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SYFY WIRE Mrs. Davis

The 'Godfather of AI' quits Google, citing fear of technological harm

Typically, you want to know what a thing will do BEFORE you build it.

By Cassidy Ward
(l-r) Jake McDorman, Betty Gilpin in Mrs. Davis

Betty Gilpin stars as Sister Simone in Damon Lindelof’s latest science fiction adventure, Mrs. Davis (streaming now on Peacock). Sister Simone doesn’t much care for technology, which is a bummer, because the world is under the (benevolent?) control of an artificial intelligence called Mrs. Davis.

Mrs. Davis wants to talk to Sister Simone, but Sister Simone wants Mrs. Davis dead. When the two of them do finally speak, they come to an agreement. Mrs. Davis will delete herself, but only if Sister Simone finds and destroys the Holy Grail. Should be easy. The premise of Mrs. Davis, with sacred relics and ancient holy orders is, admittedly, a little bit tongue in cheek, but it nicely demonstrates the reality of artificial intelligence in one important way.

Once we give them the keys to our civilization, it may not be easy to get them back.

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If there’s anyone on the planet who actually understands how artificial intelligences work, and what they’re capable of, it’s Geoffrey Hinton. He’s spent more than half a century of his professional life lifting artificial intelligence out of the realm of science fiction and into reality. Now, he’s having second thoughts about this life’s work.

Hinton put his chips down on neural networks decades ago, even while other computer scientists thought they were a dead end. Still, Hinton believed they would work, and that belief paid off in 2012 when he and a couple of graduate students invented a working neural network capable of training itself on images and identifying common objects. Those kinds of trainable neural networks are the heart and soul of modern artificial intelligence systems like ChatGPT.

The success of 2012 led Hinton to Google, where he has worked for the last decade, helping to develop increasingly advanced AI systems. As of this week, however, Hinton is unemployed, having left his post at Google in order to speak openly in opposition to AI. More accurately, he’s speaking out about the seemingly headlong plunge into a technology we don’t really understand. Now Hinton knows, at least a little bit, what Dr. Frankenstein felt like after seeing what he had created. “I console myself with the normal excuse: If I hadn’t done it, somebody else would have,” Dr. Hinton told The New York Times.

Geoffrey Hinton

The thing is, Dr. Frankenstein was wrong. His creation wasn’t a monster. And a look into humanity’s rearview mirror will reveal countless technologies, going back centuries, which we thought would mess up absolutely everything. Folks thought books would ruin society by making real life unbearable in comparison; not true. People thought it was impossible to break the sound barrier, believing an “invisible barrier” would destroy any aircraft attempting to travel that fast; not true. People thought video games would melt kids' brains, and that (mostly) wasn’t true.

The point is, every time something new comes along, there are those who start ringing the alarm bells. It’s certainly possible we’ll look back on this moment a decade from now and chuckle at how silly we were to have been concerned. But it’s hard not to look at artificial intelligence and see it as something wholly different, not beholden to the ordinary rules of books, airplanes, and video games.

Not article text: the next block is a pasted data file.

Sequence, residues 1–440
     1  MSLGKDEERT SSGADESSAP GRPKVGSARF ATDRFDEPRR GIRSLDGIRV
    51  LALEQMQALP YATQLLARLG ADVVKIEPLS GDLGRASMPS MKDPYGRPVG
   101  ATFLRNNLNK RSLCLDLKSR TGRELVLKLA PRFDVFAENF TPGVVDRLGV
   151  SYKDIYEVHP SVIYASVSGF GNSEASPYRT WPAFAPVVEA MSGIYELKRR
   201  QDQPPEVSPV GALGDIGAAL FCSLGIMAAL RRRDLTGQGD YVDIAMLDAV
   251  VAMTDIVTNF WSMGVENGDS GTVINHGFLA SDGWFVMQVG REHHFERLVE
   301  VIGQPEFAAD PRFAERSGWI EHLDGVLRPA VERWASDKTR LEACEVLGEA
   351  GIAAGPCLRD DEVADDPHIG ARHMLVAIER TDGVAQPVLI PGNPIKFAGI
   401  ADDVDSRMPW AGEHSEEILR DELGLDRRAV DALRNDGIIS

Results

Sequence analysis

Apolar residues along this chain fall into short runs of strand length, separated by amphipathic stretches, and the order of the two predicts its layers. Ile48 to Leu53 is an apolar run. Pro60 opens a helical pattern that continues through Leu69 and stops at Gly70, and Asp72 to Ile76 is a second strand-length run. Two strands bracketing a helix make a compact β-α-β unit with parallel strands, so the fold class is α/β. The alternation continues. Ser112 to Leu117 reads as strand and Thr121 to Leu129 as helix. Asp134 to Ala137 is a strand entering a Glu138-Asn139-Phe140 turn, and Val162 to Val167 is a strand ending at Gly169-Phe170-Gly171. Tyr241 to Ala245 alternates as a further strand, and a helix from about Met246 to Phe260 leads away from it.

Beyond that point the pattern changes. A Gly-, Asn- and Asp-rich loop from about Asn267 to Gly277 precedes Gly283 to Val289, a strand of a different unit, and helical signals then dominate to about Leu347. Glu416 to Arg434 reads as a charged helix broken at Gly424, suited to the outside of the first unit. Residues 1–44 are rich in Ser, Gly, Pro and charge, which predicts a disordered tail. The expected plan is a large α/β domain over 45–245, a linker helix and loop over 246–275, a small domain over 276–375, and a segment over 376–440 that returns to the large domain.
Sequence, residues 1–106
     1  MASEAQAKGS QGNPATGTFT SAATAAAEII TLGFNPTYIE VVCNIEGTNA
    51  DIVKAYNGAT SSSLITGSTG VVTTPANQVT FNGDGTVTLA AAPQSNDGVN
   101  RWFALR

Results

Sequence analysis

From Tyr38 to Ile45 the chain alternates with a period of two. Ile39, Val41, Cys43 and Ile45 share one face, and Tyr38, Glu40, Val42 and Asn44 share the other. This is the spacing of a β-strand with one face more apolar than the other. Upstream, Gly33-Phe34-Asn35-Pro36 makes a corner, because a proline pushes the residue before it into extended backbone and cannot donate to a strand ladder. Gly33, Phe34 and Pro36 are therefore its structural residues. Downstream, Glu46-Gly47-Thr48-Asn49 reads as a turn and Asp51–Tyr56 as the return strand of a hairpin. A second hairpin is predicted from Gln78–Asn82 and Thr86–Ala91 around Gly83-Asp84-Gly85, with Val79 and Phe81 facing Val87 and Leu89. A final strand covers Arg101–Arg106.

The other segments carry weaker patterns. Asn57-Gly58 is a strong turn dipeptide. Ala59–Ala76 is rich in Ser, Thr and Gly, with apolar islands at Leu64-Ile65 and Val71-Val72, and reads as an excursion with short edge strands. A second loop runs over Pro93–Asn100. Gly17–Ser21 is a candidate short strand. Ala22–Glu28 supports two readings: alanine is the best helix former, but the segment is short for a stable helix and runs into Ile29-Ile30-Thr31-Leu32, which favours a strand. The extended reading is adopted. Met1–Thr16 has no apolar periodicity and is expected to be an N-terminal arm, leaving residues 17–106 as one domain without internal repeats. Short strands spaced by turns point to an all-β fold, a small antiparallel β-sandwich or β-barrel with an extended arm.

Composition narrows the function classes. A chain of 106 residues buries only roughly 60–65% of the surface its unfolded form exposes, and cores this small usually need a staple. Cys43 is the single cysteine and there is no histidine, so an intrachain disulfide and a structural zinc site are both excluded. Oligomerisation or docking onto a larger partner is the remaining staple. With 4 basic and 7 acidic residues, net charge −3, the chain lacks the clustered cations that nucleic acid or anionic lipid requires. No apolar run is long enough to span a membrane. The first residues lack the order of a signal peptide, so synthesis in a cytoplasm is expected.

This feels like a profound moment in the technological evolution of our species, on par with the printing press, the steam engine, or the invention of the internet. It’s the sort of technological paradigm shift which so totally changes the world that it is impossible to predict what things might look like on the other side.

RELATED: ChaosGPT is trying to destroy humanity; fortunately the AI is adorably bad at it

That’s precisely what has Hinton worried, and he’s not the only one. In March of this year, more than 1,000 tech leaders signed an open letter (along with more than 25,000 other signatories) requesting the cessation of all large-scale AI experiments until we can get our arms around what we’re dealing with.

The letter begins: “AI systems with human-competitive intelligence can pose profound risks to society and humanity.” It goes on to reference the Asilomar AI Principles (a set of governing principles for working with AI). Those principles state that “Advanced AI could represent a profound change in the history of life on Earth, and should be planned for and managed with commensurate care and resources.” The open letter contends that while AI technologies are proceeding apace, it is not with the appropriate amount of care and planning.

Hinton didn’t sign the letter in March, citing discomfort over speaking openly until he had left his position at Google. Now that he’s clocked out for the last time, he’s doing just that. Google has a history of responsible stewardship of their AI, according to Hinton, but that has changed in response to the evolving economic landscape. In short, Microsoft enhanced their Bing search engine with AI, which poses a threat to Google, so they are racing to follow suit. It’s this kneejerk arms race mentality that has Hinton and other experts concerned.

“I don’t think they should scale this up more until they have understood whether they can control it,” Hinton said. And we can’t help but think that Sister Simone would agree.

Catch the latest episodes of Mrs. Davis, streaming now on Peacock!